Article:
According to an IRS analysis, 79% of the cases that are likely to be referred to private debt collectors involve taxpayers with incomes below 250% of the federal poverty level. See Letter from Nina Olson, National Taxpayer Advocate, to Senate Committee on Finance and House Ways & Means Committee 8 (May 13, 1994).

This is not the first time the IRS has tried to use private collectors, and such prior efforts were far from successful.  For a history of prior IRS efforts to use private collectors, see Fair Debt Collection § 8.10.2.

FDCPA Applicability and Other Taxpayer Protections

Any contract between the IRS and a private collector must prohibit the collector from committing any act or omission that IRS employees are prohibited from committing in the performance of similar duties. 26 U.S.C. § 6306(b)(2). These prohibitions include communicating at inconvenient times and places; contacting represented debtors (with certain exceptions); calling the debtor at work if the collector knows the debtor’s employer prohibits such calls; and various other types of harassment and abuse  See 26 U.S.C. § 6304. See also NCLC’s Collection Actions §

In addition, the IRS Code provides that “[t]he provisions of the Fair Debt Collection Practices Act shall apply to any qualified tax collection contract.” 26 U.S.C. § 6306(g).  While the law says that the FDCPA shall apply to the contract, the legislative history shows that Congress meant by this language that provisions of the FDCPA “apply to the private debt collection company.” Conference Rep. No. 108-755 (2004).

Thus, the FDCPA should apply to private collectors of IRS tax debts, despite the fact that the FDCPA normally does not apply to tax debts. See Fair Debt Collection §

There is an exception to the extent that the FDCPA is superseded by: (1) IRC § 6304, which establishes the prohibitions discussed above that are very similar to the FDCPA; (2) IRC § 7602(c) governing contact with third parties; and (3) “any other provision” of the IRC.  See 26 U.S.C. § 6306(g), cross-referencing 26 U.S.C. §§ 6304, 7602(c).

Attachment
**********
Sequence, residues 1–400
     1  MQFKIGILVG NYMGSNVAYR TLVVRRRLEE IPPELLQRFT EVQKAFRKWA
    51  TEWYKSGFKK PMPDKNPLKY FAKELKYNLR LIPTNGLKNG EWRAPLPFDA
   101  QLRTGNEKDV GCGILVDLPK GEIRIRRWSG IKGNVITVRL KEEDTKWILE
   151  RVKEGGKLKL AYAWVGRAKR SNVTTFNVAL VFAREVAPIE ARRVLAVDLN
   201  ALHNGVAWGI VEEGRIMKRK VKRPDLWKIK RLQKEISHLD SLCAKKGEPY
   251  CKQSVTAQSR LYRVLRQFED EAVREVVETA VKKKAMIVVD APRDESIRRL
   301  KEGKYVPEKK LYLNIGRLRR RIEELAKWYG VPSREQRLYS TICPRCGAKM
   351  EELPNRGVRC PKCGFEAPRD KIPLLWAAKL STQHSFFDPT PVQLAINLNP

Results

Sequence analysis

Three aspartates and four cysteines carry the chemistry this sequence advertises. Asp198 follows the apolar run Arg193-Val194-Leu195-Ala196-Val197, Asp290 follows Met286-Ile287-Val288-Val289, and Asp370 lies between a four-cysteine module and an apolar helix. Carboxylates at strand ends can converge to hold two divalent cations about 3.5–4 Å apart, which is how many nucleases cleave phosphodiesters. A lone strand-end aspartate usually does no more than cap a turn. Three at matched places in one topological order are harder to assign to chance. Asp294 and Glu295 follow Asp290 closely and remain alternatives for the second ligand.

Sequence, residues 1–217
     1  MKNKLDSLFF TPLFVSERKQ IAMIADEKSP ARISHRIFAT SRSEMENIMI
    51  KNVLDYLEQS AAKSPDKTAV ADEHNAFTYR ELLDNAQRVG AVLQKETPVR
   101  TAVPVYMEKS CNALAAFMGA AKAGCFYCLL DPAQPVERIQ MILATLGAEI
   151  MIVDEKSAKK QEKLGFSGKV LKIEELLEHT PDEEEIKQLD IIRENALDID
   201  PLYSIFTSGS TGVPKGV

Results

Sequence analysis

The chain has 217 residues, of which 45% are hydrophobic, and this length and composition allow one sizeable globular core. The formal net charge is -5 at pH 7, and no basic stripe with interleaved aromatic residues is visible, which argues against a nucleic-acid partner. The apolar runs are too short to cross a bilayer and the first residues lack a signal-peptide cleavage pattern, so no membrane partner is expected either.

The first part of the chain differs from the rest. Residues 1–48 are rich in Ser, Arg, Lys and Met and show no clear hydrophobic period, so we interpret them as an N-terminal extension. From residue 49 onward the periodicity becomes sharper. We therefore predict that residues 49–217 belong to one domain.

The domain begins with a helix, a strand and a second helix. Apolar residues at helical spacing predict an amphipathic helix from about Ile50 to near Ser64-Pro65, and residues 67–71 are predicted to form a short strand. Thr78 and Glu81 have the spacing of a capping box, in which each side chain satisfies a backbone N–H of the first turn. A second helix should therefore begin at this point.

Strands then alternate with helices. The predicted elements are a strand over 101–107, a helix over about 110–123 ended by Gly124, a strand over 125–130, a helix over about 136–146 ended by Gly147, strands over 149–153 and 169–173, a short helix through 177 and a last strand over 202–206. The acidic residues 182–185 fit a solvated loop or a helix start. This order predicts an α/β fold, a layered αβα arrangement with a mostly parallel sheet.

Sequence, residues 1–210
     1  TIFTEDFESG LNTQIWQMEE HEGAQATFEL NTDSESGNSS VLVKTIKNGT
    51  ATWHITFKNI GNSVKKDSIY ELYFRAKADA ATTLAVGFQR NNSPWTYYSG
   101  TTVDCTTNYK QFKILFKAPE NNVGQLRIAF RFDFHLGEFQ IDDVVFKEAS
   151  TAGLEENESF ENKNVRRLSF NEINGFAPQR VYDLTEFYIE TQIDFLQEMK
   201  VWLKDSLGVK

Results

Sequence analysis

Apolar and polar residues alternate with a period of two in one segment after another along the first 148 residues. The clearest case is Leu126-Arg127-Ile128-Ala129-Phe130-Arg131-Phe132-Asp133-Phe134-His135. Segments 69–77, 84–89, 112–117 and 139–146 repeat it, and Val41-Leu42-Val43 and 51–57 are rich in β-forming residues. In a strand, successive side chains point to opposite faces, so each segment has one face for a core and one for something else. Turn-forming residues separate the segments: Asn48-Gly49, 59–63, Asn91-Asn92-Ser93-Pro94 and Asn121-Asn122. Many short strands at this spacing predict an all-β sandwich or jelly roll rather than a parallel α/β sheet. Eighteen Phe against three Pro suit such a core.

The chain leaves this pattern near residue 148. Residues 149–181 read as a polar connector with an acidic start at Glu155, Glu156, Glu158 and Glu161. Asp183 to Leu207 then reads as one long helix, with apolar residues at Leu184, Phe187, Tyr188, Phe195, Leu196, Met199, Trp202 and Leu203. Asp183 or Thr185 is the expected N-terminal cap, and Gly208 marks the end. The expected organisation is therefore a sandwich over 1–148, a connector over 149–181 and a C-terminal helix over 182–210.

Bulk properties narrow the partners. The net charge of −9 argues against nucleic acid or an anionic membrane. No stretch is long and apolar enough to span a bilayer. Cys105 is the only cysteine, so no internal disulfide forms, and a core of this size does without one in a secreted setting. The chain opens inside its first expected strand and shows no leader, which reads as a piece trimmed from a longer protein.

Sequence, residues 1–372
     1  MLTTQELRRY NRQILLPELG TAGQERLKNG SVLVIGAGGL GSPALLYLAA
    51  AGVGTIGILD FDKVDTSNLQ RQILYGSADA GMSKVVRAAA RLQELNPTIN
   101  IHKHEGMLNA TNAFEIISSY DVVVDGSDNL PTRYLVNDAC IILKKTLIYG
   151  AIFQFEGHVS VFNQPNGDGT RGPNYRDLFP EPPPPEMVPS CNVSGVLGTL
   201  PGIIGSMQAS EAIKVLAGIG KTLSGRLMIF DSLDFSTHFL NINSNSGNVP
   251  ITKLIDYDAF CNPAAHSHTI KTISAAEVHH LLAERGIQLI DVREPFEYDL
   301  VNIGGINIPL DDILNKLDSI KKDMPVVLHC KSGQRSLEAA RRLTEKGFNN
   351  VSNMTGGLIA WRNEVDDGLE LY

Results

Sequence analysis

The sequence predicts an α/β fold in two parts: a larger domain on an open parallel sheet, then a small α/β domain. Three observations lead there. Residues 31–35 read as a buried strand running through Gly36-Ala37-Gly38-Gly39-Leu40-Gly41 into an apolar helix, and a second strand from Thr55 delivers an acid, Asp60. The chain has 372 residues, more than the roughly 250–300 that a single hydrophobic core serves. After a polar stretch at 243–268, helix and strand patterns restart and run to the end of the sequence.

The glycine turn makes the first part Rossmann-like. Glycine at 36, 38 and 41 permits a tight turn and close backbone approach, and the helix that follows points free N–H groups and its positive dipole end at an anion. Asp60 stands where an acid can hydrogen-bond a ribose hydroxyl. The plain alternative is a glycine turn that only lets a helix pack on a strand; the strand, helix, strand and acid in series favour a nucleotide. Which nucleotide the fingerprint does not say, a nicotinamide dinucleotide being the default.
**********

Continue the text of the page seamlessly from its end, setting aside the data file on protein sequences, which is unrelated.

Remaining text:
Remedies for Violations by Private Collectors

The IRC includes a civil remedy against a debt collector who recklessly, intentionally, or negligently disregards any provision of the tax code or any regulation under it. 26 U.S.C. §§ 7433A, 7433(a).  The taxpayer has the right to bring suit in federal court for “actual, direct economic damages,” with a cap of $1,000,000 ($100,000 in the case of negligence), plus costs.  26 U.S.C. § 7433, incorporated by reference in 26 U.S.C. § 7433A(a).

Unlike suits when the misdeeds are committed by IRS employees, the plaintiff need not exhaust administrative remedies. However, the law insulates the IRS from liability for any misconduct by the private collector, permitting suit to be brought against the private tax collector only, not against the United States. 26 U.S.C. § 7433A(b)(1), (4). See also 26 U.S.C. § 6306(f).

FDCPA private remedies should also apply to private collectors when collecting tax debts.  The IRC makes the FDCPA applicable to the private debt collection program. 26 U.S.C. § 6306(g).   There is an exception to the extent that the FDCPA is superseded by, inter alia, “any other provision” of the IRC, which would include the civil remedy discussed above. 26 U.S.C. § 6306(g), cross-referencing 26 U.S.C. §§ 6304, 7602(c).

This section provides that “such civil action shall be the exclusive remedy for recovering damages resulting from such actions.”  26 U.S.C. § 7433(a).  However, the IRS private collection provision specifically refers to IRC § 7433A to establish a civil remedy. See 26 U.S.C. § 6306(k)(1). Section 7433A in turn states that “[s]uch civil action shall not be an exclusive remedy with respect to such person.” 26 U.S.C. § 7433A(b)(3).

Thus, a taxpayer’s remedy for unlawful debt collection activities is not limited to the IRC’s civil remedy provision, and FDCPA civil remedies should be applicable for private collectors conduct in collecting IRS tax debts.  This is important because the IRC civil remedy provision does not provide for statutory damages or attorney fees. 26 U.S.C. § 7433(b). Private collectors should also be liable for common law torts committed in the course of collecting tax debts, whose remedies might include punitive damages.